Dancing Queen

Courtesy of the Birmingham Royal Ballet

Courtesy of the Birmingham Royal Ballet

I’ve always loved dance. All kinds of dance. Like most little girls, I adored ballerinas, with their sparkling tiaras and fluffy tutus and elegant buns. I saw The Nutcracker for the first time in kindergarden, and was entranced by everything about the ballet; from the wind-up doll ballerina to the horrible rat soldiers to the dashing Nutcracker Prince. But most of all, I admired the Sugar Plum Fairy, gliding effortlessly across the stage en pointe, barely seeming to touch the ground as she performed pliés and pirouettes and arabesques.

Soon after, I discovered the great old classic musicals and fell in love with tap dance and ballroom. Fred Astaire and Ginger Rogers; Gene Kelly and Cyd Charisse. I would rewind videos again and again to rewatch my favorite dance sequences, trying and failing to replicate the gloriously complicated and utterly romantic routines in my own living room.

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Dream a Little Dream

If you know me well, or have been reading my blog long enough, you have probably realized by now that I’m a leeetle bit obsessed with dreams. Not in a “Oh, dreams are pretty cool I guess” way, but in a “Why can’t I eschew the real world and live perpetually in the nonsense realm of my sleeping brain” manner. You may think this is strange, and that’s okay. It is. I’m generally a fairly strange person.

Yeah, a Nazi AND a wizard. Trust me, it's scary.

Yeah, a Nazi AND a wizard. Trust me, it’s scary.

My dreams are nearly always vivid, but they run the gamut in terms of subject matter. Complex. Silly. Terrifying. Trippy. Occasionally, I’ll even have dreams with recurring themes. Anxiety dreams are the most common of these themes; it’s finals week and I’ve just realized I haven’t been to calculus all semester. Harrison Ford weirdly appears in many of my dreams; more often than not he’s a Nazi-wizard and he’s chasing me. But recently, I’ve started having a new recurring dream. Nearly once a week for the past two months, I’ve dreamed that there’s a tall black stallion, wild and untamed, and I’m the only one who can ride him.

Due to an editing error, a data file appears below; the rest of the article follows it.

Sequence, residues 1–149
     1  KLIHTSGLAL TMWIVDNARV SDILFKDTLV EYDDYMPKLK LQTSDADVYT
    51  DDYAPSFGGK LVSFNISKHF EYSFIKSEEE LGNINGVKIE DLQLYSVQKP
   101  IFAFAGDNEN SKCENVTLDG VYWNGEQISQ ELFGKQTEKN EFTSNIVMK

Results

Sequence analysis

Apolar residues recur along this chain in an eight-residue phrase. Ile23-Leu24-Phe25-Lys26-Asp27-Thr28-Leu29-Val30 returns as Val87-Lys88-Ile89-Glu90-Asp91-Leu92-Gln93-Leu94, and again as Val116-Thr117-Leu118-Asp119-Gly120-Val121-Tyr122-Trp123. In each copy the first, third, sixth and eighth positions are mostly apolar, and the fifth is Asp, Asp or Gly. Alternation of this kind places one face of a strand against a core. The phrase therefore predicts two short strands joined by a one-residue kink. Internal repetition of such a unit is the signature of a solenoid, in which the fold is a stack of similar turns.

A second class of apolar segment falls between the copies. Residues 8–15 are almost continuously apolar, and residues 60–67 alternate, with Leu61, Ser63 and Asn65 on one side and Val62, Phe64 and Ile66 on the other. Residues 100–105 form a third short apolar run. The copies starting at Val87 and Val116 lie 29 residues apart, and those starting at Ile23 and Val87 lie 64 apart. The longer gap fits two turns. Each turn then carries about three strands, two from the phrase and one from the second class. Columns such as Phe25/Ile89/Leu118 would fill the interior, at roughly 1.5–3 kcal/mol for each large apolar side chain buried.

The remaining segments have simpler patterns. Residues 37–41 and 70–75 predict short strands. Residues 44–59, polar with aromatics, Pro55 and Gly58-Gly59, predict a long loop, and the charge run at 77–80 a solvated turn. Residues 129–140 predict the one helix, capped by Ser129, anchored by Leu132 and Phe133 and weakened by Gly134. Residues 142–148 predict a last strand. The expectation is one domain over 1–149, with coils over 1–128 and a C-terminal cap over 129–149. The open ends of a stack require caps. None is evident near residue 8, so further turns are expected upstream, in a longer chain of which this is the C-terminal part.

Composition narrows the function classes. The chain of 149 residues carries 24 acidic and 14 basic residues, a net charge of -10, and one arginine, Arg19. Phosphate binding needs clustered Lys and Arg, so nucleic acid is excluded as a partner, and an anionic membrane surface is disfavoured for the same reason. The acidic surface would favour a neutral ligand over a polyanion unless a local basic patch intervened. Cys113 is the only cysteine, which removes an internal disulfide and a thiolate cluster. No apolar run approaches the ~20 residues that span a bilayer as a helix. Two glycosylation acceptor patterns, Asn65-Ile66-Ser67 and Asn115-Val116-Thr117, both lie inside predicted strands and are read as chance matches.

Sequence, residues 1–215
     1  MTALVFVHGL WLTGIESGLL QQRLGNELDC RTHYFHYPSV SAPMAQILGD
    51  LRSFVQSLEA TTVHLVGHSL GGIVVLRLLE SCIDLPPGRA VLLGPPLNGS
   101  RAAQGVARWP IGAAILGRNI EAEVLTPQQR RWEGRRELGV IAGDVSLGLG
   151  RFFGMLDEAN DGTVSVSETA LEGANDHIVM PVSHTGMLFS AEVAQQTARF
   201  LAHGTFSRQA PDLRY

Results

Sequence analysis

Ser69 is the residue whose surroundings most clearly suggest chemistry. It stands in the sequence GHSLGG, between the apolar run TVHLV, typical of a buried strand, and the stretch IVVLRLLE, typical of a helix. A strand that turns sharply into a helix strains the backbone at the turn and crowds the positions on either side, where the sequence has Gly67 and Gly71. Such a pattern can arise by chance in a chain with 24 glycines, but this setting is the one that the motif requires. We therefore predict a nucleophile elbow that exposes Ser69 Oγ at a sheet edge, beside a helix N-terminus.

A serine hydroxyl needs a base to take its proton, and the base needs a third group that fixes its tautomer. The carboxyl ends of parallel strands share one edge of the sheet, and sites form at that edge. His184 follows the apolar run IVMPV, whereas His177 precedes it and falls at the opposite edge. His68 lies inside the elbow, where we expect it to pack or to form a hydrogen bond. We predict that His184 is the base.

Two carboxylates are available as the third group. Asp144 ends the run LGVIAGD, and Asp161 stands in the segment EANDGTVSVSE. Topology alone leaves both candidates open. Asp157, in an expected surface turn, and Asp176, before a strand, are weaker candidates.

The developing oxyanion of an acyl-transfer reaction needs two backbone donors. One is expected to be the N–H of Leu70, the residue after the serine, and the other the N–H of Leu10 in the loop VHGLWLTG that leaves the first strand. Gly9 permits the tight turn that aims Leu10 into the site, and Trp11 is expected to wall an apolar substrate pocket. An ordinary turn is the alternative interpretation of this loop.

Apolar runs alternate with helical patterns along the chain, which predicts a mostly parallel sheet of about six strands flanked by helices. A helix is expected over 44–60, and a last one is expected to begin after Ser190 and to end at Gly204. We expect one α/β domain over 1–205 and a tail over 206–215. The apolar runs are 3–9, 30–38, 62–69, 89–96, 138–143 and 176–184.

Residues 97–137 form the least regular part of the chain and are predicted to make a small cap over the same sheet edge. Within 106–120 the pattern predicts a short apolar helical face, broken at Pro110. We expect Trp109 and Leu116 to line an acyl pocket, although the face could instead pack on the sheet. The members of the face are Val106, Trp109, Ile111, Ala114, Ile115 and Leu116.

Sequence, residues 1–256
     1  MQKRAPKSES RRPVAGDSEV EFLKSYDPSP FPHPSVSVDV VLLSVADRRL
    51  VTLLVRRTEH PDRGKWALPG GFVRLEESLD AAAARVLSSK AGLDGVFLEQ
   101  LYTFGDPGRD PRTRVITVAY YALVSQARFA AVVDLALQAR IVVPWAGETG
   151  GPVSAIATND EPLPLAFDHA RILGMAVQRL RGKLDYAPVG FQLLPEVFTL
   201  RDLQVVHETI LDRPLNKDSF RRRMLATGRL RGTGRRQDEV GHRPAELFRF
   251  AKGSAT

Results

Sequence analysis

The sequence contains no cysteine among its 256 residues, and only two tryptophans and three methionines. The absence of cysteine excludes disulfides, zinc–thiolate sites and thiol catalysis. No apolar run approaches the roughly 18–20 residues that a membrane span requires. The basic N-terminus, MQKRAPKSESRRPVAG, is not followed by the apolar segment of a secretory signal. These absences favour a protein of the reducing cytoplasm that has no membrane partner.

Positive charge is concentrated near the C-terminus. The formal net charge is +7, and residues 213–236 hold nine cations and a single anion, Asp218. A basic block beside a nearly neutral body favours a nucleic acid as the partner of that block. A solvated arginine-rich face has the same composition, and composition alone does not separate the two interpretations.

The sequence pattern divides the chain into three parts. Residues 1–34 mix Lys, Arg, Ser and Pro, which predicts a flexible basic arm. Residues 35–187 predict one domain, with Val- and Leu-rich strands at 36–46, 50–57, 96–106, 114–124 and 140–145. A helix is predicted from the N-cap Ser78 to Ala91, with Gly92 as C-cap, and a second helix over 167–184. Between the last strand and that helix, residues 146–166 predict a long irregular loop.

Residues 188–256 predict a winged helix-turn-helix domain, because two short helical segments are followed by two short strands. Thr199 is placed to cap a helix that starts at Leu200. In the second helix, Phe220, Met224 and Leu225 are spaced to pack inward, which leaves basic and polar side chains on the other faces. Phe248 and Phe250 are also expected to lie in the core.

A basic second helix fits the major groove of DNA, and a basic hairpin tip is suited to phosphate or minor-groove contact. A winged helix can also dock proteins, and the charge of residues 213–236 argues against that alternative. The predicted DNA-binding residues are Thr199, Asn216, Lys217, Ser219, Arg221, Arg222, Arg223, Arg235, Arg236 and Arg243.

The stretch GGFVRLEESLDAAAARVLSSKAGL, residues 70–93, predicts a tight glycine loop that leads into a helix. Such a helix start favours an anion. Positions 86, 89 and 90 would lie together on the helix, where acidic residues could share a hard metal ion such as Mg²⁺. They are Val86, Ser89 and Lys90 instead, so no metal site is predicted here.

Whatever could it mean?

Before I continue, I’d like to say that while I’m not sure what purpose dreams truly serve, I do think they have the capacity to be symbolic. Jung hypothesized that our dreams contained universal archetypes derived from a collective unconscious; I think this may be going a bit far. Our minds are, however, bombarded with culturally significant symbols and images from a very young age, and it seems entirely plausible that these patterns would find meaningful expression in our dreams. It also seems likely that our own individual experiences could lead our unconscious minds to assign meaning to otherwise meaningless minutiae.

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The Cape Conundrum

"And what's your superpower, young man?" "I can...throw my shield. Really, really hard." Image belongs to Marvel Comics

“And what’s your superpower, young man?”
“I can…throw my shield. Really, really hard.”
Image belongs to Marvel Comics

I watched The Avengers last night for the first time (I know, I showed up really late to that party) and as I watched I was struck by how none of the superheroes were really very super. In fact, in terms of inborn or created abilities, there weren’t many superpowers to speak of. Among the Avengers, objects are the name of the game. Tony Stark flies around in a technologically advanced suit of armor–the only thing really special about him is his intellect. Hawkeye has a bow and arrow; Thor has a giant hammer; Captain America has a fancy shield.

Hulk…well, Hulk smash.